Usually.... Trying to put nylon strings on a steel-string instrument is a poor idea. These strings only have about half the tension of a set of steels, and there's not enough energy to produce decent sound. Also, because nylon strings have a great "amplitude of vibration" (they move more...) you have to adjust the action to get them not to buzz.

Of course, electronic amplification will help with the volume problem. The modern "crossover" nylon-string guitar is set up pretty much like a steel string with a narrow neck, radiused fretboard, and the like. If it's set up right, it can work.

As to preference.... Two different beasts in my opinion. If I want to play country or bluegrass, I'm going to want a steel-string dreadnaught, and likely one set up with medium-gauge strings. That's just the standard.
I play mostly nylon-stringed instruments now... I've been concentrating on fingerstyle jazz for some time. Steel strings are just too hard on the nails.

You'll always find some maverick that chucks all the standard advice... Look at Willie Nelson.
#13
Bikewer

Yeah I've tried nylon and a steel string guitar and not been wild about the result, even on a guitar designed for both - a 1925 Martin - but it works for Garthman, so I'm not knocking it. A problem I see is the fairly narrow neck on most steel string guitars, not well suited to the greater excursion of nylon strings. I've got nylon strings on my reso parlor guitar, it has a farily wide neck and sounds soemwhat flamenco-like. I could happily live with just a good (and IMO not many are) nylon string for fingerpicking these days, I would still want steel for slide though.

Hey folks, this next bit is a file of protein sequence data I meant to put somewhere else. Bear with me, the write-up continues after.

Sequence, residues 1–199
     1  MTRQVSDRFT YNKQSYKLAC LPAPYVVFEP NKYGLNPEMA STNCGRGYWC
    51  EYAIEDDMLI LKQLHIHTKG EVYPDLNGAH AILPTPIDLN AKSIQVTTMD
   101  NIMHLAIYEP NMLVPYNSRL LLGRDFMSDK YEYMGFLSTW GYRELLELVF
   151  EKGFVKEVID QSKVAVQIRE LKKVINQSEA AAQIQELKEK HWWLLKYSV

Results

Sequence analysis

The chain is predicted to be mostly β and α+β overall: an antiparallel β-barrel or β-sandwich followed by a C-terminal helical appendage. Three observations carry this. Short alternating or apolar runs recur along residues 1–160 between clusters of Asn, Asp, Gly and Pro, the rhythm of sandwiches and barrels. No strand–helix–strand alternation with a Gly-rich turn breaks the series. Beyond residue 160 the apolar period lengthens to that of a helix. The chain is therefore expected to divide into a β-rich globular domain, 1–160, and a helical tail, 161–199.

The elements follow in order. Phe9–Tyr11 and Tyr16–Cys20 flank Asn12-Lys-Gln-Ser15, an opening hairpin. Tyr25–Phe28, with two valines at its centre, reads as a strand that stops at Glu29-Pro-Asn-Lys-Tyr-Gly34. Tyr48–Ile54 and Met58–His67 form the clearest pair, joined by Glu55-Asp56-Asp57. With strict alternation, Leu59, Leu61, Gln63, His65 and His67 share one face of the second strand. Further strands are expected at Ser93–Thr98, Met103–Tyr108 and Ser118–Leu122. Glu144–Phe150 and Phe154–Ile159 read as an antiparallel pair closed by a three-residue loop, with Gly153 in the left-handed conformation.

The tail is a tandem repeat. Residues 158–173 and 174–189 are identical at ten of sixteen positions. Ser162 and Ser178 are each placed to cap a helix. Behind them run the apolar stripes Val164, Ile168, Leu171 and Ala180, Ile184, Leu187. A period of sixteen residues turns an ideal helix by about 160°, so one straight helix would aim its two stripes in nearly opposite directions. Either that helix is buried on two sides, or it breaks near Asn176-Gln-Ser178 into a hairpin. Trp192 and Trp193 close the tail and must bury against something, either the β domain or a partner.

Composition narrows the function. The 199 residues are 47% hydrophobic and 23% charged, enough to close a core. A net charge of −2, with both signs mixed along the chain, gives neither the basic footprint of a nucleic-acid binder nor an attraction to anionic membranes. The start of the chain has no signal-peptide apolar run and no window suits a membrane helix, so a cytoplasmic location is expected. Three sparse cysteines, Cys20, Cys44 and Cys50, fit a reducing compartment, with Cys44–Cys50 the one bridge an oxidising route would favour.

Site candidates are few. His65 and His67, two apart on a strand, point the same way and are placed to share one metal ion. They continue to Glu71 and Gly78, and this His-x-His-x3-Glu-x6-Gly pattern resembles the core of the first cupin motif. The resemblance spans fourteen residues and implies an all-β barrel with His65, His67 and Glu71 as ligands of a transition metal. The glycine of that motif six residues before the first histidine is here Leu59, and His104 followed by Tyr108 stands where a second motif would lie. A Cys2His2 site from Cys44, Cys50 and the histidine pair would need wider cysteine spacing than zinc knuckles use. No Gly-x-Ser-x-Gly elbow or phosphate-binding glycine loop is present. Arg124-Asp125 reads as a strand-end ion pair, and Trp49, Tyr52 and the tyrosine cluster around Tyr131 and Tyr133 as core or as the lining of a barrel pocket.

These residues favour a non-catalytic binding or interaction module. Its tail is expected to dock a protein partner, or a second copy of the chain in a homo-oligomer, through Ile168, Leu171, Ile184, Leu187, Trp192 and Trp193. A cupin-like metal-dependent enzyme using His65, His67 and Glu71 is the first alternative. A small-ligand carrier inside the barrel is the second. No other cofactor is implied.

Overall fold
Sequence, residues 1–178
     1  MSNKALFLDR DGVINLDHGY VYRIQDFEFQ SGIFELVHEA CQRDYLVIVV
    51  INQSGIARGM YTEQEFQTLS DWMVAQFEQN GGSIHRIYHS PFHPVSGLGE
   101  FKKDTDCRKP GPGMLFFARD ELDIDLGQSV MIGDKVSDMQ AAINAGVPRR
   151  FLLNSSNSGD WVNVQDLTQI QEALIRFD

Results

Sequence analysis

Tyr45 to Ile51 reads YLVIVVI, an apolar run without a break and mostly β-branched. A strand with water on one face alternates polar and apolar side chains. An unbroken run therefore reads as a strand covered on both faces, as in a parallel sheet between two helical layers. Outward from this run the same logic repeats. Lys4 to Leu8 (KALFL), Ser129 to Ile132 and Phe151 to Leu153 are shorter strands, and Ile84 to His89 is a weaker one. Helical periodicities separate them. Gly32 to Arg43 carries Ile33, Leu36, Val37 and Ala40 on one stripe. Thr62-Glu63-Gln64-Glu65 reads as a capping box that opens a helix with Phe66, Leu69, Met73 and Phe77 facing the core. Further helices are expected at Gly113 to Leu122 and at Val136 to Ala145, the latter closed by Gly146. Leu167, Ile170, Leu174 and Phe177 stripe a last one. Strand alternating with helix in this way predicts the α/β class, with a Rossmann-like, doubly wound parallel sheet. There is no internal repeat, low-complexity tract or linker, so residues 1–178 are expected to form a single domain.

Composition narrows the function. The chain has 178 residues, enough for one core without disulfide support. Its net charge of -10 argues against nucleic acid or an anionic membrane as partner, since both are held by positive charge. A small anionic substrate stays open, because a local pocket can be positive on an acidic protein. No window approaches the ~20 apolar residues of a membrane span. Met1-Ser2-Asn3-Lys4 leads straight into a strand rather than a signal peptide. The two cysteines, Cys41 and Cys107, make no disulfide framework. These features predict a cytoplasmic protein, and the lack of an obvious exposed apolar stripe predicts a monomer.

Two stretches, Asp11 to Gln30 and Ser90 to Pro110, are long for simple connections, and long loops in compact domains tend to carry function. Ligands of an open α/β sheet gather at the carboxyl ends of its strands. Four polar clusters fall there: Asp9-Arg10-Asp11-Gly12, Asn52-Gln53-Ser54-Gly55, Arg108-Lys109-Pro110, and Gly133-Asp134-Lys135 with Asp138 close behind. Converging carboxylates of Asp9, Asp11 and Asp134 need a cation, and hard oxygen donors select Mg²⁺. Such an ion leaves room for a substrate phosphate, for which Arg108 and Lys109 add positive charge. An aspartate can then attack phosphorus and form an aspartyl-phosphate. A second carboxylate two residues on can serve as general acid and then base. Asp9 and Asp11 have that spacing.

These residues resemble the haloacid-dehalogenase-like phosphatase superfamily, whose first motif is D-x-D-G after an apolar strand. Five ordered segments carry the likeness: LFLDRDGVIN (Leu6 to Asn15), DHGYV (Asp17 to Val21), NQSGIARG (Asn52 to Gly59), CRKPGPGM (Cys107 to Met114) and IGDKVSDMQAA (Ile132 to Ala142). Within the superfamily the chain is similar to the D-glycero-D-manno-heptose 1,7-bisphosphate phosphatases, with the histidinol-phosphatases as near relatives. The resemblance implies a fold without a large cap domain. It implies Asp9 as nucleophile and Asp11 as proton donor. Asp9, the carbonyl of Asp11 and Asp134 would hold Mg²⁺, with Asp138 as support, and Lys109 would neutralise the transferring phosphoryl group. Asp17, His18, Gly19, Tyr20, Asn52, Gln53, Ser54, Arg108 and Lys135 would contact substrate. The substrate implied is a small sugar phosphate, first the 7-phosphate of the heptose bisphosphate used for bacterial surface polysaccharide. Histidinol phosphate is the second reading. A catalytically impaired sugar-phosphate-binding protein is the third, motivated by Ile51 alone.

#14
i played classical guitar before acoustic, and after i started playing acoustic i found that i prefer the sound of acoustic far more.
Quote by Skeet UK
I just looked in my Oxford English Dictionary and under "Acoustic Guitar", there was your Avatar and an email address!
#15
patticake

This isn't a loaded question, but have you ever played a really good nylon string? I've only ever played a couple (one of which was a cheapo), and it came as a major revelation to me after years of playing steel strings. Nothing like yer average Cordoba or Yamaha.
#16
Quote by patticake
i played classical guitar before acoustic, and after i started playing acoustic i found that i prefer the sound of acoustic far more.


My first guitar was a classical upon which I learned the rudiments for 2 years. I then bought a steel string acoustic and pretty much played only that for the next 20 years (albeit with many long interludes of not playing hardly at all due to wife, kids, houses, work, etc). When I returned to playing regularly I rediscovered my love of nylon strings and whilst, I also play steel string guitars, acoustic and electric, the bulk of my playing is now on nylon and I suspect will probably remain so.
#17
Quote by Garthman
My first guitar was a classical upon which I learned the rudiments for 2 years. I then bought a steel string acoustic and pretty much played only that for the next 20 years (albeit with many long interludes of not playing hardly at all due to wife, kids, houses, work, etc). When I returned to playing regularly I rediscovered my love of nylon strings and whilst, I also play steel string guitars, acoustic and electric, the bulk of my playing is now on nylon and I suspect will probably remain so.


I bet you get all the bitches wet. Something about classical guitars is so romantic & sexy. I wish I knew how to play one.
Some see the glass half full, others see the glass half empty. Me? I see that the glass is refillable.
#18
Garthman

I also played a nylon string for a couple of years when I was young, and even had a few classical lesson, and have recently returned to it to some extent, though my main interest is now evolving from Spanish position fingerpicking and slide to lap steel.

NewDayHappy

I agree, if you want a sexy romantic image as opposed to an outright macho one the nylon string does it. It worked for me, and I can still make the ladies smile with Tom Paxton's "Last thing on my mind".